According to a recent article from NPR, a new study has found that diet can promote beneficial bacteria in the stomachs of older people, and as a result, promote healthy aging.

Scientists looked at the diets of 178 elderly people, some of whom lived on their own and the rest lived in assisted living centers or nursing homes.

Researchers found that those living on their own had more varied gut bacteria and scored better on tests measuring frailty and cognitive function because they had more diverse diets rich in fiber, fruits, vegetables grains and poultry. Conversely, those living in assisted living centers subsisted on more of a  “mashed potato and porridge” style diet that offered less variety and nutritional value.
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Getting Old Doesn’t Have to Suck! 5 Ways to Feel Great as You Age

There’s no doubt about it, getting old, in America at least, carries a certain stigma. People spend millions every year to slow or reverse the effects of aging on their bodies. Between 1997 and 2007, cosmetic procedures increased from two million to nearly 12 million in the United States. The skin care industry is estimated to be worth $43 billion. Even men have jumped on the bandwagon with the men’s skin care (and makeup!) market booming.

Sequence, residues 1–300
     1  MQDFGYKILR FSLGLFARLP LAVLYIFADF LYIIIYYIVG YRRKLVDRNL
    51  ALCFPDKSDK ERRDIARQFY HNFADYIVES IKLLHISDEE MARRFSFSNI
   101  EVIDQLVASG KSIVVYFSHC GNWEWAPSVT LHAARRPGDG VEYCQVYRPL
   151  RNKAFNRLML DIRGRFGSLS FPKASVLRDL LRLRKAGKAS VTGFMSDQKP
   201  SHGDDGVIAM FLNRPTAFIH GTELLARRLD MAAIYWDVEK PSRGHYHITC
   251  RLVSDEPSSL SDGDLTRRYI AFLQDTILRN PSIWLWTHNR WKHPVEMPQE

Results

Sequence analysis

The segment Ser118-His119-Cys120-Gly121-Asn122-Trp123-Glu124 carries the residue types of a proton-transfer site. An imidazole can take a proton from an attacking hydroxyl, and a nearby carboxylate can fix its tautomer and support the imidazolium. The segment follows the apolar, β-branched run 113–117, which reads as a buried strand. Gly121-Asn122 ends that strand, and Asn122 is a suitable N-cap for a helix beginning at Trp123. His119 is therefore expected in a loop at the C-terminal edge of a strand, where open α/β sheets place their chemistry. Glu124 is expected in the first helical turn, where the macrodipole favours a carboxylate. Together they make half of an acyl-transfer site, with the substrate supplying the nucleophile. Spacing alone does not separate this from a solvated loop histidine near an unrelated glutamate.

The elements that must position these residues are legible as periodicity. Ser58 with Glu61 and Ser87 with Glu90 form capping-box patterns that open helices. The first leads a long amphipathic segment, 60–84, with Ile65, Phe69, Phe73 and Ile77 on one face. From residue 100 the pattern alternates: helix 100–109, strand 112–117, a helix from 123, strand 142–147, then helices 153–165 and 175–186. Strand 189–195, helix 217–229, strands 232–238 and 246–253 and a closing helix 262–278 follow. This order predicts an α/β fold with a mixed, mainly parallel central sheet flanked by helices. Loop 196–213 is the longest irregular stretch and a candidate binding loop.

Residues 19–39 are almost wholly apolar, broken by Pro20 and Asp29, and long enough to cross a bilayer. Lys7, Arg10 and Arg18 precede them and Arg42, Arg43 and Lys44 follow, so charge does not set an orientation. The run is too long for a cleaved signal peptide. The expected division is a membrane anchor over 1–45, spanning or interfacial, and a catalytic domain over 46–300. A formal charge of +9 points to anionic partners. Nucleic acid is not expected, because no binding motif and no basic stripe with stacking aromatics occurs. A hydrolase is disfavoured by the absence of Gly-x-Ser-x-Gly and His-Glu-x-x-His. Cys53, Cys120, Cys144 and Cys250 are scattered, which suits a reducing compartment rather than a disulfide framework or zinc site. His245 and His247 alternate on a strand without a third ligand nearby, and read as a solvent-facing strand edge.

But hold on – aging does not have to send you running to the cosmetics counter and plastic surgeon. It’s not all bad news. Aging brings wisdom, for one. And perceptions are often worse than reality. A Pew Research Center study reported that 57 percent of Americans aged 18-64 thought they would suffer memory loss as they aged, verses 25 percent of Americans 65 and older actually suffering from it. Similar statistics covering things such as being able to drive or suffering a serious illness had coinciding results.

And so, without further ado, we present 5 reasons getting older is kind of great: